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5 December 2013 11:26 am ,
Vol. 342 ,
An animal rights group known as the Nonhuman Rights Project filed lawsuits in three New York courts this week in an...
Researchers have been hot on the trail of the elusive Denisovans, a type of ancient human known only by their DNA and...
Thousands of scientists in the Russian Academy of Sciences (RAS) are about to lose their jobs as a result of the...
Dyslexia, a learning disability that hinders reading, hasn't been associated with deficits in vision, hearing, or...
Exotic, elusive, and dangerous, snakes have fascinated humankind for millennia. They can be hard to find, yet their...
Researchers have sequenced and analyzed the first two snake genomes, which represent two evolutionary extremes. The...
Snake venoms are remarkably complex mixtures that can stun or kill prey within minutes. But more and more researchers...
At age 30, Dutch biologist Freek Vonk has built up a respectable career as a snake scientist. But in his home country,...
- 5 December 2013 11:26 am , Vol. 342 , #6163
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Spin Wizards of the Nanoworld
24 July 1998 8:00 pm
Molecules are incorrigible fidgeters. Let loose in a gas, they store their heat by zigging and zagging; when trapped in a solid, they wiggle against their neighbors. Now, scientists have discovered molecules with an entirely new type of motion: They spontaneously spin at the dizzying pace of more than several million times a second. The twirling molecules, described in today's issue of Science, could become a prototype for the world's tiniest, and entirely frictionless, bearing.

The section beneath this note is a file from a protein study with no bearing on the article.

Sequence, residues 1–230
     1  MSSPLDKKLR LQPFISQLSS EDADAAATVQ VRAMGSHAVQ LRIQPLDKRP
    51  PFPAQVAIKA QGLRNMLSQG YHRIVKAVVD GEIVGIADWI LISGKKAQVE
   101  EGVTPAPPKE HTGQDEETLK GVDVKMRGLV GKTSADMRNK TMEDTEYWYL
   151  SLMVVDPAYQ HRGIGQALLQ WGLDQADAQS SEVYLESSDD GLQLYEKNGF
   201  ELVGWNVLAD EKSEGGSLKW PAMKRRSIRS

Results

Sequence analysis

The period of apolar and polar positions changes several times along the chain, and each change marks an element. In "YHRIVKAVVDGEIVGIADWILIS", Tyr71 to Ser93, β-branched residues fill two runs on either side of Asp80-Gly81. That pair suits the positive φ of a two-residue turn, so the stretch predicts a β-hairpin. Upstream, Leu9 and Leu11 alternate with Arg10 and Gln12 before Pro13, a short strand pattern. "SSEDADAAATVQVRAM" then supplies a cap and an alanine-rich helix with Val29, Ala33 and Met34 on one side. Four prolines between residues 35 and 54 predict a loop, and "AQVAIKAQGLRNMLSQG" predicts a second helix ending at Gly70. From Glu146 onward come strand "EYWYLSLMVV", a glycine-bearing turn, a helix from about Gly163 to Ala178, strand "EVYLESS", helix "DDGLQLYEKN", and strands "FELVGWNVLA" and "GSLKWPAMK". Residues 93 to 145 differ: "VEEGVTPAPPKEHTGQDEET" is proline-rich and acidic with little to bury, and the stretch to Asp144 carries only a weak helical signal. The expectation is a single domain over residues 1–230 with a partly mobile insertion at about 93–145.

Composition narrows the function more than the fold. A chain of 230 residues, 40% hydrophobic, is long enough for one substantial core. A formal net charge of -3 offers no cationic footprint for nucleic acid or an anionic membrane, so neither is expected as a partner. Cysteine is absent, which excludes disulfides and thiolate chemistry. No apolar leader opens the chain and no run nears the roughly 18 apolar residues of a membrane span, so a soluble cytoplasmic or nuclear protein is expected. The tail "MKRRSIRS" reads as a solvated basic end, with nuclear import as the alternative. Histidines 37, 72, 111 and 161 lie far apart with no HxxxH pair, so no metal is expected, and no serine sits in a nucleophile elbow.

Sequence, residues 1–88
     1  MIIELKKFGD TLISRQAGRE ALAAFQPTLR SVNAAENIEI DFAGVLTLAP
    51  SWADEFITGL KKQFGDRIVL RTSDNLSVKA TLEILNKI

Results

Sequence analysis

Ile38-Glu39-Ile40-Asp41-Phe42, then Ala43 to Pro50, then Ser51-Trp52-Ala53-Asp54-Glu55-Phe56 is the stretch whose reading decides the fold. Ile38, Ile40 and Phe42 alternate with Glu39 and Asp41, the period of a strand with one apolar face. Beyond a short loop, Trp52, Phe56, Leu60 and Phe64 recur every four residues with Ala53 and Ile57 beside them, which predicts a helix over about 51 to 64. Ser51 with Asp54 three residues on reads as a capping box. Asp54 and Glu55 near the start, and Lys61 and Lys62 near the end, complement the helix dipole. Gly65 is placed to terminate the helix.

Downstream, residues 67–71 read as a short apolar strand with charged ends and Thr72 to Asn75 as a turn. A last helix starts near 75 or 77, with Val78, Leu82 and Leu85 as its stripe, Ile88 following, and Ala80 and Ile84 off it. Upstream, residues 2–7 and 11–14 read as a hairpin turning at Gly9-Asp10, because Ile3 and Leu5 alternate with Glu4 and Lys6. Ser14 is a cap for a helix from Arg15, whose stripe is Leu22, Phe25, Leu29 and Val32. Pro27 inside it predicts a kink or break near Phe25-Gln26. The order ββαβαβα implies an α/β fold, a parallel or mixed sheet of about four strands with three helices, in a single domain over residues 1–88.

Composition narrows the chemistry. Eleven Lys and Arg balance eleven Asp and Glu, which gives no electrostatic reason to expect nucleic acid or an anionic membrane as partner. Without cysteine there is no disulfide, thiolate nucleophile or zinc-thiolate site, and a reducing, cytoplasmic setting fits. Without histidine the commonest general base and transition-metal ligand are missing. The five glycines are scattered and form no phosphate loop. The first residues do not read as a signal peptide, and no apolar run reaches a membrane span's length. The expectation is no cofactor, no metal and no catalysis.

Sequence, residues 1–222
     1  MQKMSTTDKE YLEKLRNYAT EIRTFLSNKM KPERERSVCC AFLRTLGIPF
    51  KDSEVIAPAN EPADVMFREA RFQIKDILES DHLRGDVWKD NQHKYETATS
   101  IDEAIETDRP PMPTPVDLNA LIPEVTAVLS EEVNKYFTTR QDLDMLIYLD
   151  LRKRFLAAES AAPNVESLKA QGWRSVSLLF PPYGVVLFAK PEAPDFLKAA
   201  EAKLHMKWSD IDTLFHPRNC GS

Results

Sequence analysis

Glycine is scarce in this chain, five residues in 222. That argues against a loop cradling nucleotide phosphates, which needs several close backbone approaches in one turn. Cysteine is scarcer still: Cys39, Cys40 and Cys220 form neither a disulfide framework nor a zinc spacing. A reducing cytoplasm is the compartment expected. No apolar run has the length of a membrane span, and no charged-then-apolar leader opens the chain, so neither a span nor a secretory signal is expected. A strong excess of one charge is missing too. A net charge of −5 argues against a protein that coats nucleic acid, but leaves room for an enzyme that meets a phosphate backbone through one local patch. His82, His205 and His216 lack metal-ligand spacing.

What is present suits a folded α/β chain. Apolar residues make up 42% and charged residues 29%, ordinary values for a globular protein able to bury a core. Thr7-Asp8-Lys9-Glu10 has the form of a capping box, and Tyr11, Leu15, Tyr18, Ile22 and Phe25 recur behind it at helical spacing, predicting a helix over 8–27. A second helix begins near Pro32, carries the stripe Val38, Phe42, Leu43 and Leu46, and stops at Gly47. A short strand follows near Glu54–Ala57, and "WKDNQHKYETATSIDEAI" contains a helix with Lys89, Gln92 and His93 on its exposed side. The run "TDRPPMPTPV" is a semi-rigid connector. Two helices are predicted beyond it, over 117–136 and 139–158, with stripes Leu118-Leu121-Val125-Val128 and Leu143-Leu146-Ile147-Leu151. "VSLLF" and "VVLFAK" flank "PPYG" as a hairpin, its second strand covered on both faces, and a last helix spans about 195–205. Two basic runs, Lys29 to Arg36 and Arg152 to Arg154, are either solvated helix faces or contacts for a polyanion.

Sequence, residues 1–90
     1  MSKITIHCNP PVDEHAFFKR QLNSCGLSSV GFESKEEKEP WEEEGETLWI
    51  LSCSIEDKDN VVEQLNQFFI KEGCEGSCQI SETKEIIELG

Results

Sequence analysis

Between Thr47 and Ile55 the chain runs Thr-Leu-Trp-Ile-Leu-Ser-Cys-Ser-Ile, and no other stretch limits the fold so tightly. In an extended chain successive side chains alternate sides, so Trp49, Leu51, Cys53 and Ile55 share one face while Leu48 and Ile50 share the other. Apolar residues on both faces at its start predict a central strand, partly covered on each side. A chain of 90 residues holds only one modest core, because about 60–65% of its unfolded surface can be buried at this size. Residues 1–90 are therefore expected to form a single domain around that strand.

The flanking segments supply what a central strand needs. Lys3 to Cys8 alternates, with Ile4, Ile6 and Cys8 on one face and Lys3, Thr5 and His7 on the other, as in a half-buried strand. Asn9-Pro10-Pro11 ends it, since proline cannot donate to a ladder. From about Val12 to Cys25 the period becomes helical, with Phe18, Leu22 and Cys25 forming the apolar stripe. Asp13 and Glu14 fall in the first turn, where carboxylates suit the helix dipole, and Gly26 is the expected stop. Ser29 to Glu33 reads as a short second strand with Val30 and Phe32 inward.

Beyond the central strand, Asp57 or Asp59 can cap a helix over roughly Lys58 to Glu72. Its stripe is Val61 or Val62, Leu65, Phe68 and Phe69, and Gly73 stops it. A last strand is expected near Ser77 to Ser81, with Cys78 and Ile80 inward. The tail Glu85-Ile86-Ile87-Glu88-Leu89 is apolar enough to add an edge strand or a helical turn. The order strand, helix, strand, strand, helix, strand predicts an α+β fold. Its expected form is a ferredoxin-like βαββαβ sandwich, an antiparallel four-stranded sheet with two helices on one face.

The discovery was serendipitous. A team from IBM's Research Laboratory in Zurich, Switzerland, and several European universities was investigating a new way to store data. They had wanted to coat a copper surface with a layer of propeller-shaped molecules--complex organic molecules each just 2 nanometers across. Then they planned to enter binary information by flattening selected molecules with the tip of a scanning tunneling microscope (STM).
But, after trying to create a layer just one molecule thick, the researchers noticed gaps where the copper surface was exposed. Normally, the STM could spot only the three-bladed propellers, but "in those voids, we observed ring-shaped molecules," says IBM's Jim Gimzewski. These, they surmised, might be the blurred images of spinning propellers. They confirmed their hunch by observing individual molecules as they started to rotate (another way to store heat) then stopped after being jammed by other loose molecules.
The whirling dervishes aren't likely to appear in molecular motors anytime soon. "This is still basic research, but we may be able to apply it to devices in a decade or so," says Cees Dekker of the Technical University of Delft in the Netherlands. In the meantime, he adds, they could be useful in the lab for studying the mechanics of molecular bearings.